Friday, July 18, 2008

Certified organics as institutional vehicle of sustainable development

During the first session of the EADI Environment and Development Working Group on the EADI General Conference 2008, Henrik Egelyng from the Danish Institute for International Studies (DIIS) presented a paper on the strengths and weaknesses of Certified Organics as a governance instrument to promote sustainable agriculture globally.

Firstly, it is peculiar that Europe and the USA pull 97% of revenue from organic agriculture. Africa has very little certified organic agriculture, while Europe has a lot. Although African farmers use little pesticides, and farm with very little carbon emissions, the reason for this North-South divide can be seen in the lack of certification. Southern smallholders face weaker options than farmers in the North, because their national economies cannot financially support certification.

Only recently have the "the giants moved to be organic". Brazil and China developed national level policies to promote and facilitate certified organic agriculture. Organic food is only produced for the export market, where Walmart is one of the major driving forces.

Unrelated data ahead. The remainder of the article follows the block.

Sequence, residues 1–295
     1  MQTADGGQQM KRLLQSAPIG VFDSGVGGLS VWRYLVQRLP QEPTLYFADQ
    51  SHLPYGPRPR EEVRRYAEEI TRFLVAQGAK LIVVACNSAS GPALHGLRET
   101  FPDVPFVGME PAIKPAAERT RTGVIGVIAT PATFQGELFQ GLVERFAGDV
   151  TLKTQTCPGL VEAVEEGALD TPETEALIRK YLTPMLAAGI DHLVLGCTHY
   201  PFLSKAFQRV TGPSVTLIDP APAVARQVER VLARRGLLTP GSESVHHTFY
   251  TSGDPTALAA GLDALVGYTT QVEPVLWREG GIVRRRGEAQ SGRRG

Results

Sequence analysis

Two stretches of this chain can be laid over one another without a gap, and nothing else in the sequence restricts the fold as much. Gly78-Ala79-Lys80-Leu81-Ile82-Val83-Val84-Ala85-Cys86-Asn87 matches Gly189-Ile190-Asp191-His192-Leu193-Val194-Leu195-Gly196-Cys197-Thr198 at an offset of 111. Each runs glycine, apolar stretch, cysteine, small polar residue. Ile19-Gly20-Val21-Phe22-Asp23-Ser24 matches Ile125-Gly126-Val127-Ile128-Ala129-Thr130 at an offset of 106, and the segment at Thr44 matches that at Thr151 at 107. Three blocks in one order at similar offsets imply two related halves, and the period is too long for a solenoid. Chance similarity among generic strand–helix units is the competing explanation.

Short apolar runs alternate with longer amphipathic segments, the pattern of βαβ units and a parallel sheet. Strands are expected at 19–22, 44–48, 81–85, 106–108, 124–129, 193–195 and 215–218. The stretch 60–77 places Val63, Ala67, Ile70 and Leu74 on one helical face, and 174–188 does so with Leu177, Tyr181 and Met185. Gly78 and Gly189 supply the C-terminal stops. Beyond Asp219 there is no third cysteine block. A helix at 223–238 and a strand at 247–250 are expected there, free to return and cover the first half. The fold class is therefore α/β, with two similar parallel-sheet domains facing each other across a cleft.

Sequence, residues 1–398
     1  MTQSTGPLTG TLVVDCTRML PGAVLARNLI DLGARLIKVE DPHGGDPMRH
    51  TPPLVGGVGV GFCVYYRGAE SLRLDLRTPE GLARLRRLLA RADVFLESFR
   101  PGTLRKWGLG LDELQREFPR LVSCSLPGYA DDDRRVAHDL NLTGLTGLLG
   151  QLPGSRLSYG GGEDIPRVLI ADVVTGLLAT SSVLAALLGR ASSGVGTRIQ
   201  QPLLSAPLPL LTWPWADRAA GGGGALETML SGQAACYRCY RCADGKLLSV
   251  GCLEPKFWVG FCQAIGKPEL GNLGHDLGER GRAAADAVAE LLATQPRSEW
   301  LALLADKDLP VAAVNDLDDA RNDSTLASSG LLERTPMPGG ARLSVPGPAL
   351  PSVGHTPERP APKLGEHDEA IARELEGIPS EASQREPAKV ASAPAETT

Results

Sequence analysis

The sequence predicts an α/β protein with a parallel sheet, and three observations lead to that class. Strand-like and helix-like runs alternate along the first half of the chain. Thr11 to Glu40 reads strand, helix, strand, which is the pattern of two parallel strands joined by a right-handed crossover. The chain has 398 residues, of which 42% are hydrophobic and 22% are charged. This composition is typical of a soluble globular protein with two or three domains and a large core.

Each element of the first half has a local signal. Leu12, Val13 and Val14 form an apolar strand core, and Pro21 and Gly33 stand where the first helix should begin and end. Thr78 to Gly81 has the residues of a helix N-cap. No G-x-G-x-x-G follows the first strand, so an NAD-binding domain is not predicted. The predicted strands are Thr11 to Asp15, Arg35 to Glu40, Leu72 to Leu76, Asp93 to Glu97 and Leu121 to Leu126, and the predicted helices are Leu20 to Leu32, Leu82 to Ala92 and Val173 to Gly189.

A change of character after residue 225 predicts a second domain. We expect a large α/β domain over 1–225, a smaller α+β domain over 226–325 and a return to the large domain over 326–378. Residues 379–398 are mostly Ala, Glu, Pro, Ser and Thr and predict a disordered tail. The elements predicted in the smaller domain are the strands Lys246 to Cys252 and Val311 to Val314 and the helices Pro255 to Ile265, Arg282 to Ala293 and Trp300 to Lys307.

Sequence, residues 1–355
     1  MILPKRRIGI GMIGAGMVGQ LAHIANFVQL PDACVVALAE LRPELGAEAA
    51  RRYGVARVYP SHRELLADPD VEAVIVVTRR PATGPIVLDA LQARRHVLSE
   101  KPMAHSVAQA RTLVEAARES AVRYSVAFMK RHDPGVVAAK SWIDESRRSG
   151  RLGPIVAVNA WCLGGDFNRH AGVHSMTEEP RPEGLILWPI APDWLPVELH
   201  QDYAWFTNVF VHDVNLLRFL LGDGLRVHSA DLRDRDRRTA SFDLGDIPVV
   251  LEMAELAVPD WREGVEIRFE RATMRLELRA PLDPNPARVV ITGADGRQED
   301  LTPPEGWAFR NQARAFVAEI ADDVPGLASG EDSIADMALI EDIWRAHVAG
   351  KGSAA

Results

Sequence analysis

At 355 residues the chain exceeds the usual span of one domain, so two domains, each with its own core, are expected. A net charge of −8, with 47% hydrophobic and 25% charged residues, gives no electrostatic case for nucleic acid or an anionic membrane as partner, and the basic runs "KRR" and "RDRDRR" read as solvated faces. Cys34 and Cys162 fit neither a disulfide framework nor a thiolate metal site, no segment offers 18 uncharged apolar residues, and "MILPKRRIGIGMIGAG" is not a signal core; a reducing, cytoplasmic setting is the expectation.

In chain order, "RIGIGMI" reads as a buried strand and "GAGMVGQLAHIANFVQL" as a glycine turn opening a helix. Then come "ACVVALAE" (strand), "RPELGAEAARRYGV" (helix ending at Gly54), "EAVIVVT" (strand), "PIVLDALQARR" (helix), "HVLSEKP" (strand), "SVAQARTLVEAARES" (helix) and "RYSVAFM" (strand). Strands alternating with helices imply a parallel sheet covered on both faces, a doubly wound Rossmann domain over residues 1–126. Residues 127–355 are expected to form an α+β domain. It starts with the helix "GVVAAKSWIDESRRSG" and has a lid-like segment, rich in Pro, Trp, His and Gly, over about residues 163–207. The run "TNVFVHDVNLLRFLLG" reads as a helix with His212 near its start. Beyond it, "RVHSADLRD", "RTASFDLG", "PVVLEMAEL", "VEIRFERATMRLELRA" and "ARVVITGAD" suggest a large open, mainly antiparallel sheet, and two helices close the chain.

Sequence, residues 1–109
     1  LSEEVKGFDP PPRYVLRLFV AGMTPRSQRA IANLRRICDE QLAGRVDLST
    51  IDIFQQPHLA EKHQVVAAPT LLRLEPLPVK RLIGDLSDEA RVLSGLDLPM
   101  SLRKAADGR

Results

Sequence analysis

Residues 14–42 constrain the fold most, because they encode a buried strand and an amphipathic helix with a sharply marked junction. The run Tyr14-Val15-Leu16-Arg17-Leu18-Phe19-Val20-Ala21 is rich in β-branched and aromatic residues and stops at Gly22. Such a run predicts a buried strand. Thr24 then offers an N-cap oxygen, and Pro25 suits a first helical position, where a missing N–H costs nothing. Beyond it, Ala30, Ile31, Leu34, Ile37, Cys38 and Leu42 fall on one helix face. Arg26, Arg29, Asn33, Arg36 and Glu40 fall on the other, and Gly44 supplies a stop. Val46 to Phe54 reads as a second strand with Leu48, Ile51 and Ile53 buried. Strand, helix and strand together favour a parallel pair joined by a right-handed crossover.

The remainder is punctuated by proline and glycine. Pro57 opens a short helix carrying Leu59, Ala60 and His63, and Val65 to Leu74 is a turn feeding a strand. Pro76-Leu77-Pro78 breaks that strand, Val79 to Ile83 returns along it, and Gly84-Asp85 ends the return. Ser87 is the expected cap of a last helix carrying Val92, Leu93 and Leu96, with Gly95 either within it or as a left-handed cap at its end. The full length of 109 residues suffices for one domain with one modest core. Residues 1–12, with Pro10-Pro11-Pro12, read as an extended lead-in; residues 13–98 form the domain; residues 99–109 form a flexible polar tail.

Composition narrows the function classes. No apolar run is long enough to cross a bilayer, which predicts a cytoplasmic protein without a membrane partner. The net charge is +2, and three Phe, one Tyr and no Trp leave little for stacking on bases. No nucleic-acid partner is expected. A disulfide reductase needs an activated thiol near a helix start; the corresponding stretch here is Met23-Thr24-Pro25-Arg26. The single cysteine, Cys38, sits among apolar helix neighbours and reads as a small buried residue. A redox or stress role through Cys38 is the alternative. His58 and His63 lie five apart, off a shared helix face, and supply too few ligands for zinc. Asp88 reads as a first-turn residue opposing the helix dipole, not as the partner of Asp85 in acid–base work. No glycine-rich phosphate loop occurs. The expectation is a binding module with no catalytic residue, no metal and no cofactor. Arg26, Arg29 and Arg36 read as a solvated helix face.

In his conclusions, Egelyng argued that organic certification is a success story in so far that the global consumer movement reacted more directly to governance failures than citizens did. However, the trade-off is that governments now tend to lean back, because "the market regulates it". Market driven organic agriculture may be unable to change global agriculture towards higher overall levels of sustainability.

by Birthe Paul

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